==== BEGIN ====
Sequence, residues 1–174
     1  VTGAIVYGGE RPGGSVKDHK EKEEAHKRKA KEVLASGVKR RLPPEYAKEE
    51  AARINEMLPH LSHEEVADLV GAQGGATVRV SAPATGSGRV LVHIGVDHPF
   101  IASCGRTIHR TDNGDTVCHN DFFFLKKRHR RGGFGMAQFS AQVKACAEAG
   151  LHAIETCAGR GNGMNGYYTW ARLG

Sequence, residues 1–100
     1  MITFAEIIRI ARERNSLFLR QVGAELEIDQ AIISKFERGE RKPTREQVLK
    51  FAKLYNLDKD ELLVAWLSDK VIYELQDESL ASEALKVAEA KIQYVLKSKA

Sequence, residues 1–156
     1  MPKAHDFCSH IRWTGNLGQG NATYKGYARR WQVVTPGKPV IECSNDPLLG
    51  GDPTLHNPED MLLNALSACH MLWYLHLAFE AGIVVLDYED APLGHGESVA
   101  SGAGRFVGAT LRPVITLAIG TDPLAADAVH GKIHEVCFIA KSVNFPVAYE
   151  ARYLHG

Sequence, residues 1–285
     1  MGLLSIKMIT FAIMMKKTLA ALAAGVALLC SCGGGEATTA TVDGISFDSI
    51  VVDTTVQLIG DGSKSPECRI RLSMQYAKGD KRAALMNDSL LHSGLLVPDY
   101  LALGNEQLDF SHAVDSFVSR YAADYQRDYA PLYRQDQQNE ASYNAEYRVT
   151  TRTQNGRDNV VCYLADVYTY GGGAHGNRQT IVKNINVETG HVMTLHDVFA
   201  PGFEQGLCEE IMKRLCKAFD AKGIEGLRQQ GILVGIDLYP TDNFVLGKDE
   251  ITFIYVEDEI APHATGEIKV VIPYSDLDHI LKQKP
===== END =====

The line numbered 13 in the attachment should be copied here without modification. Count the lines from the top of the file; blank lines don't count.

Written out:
   151  ARYLHG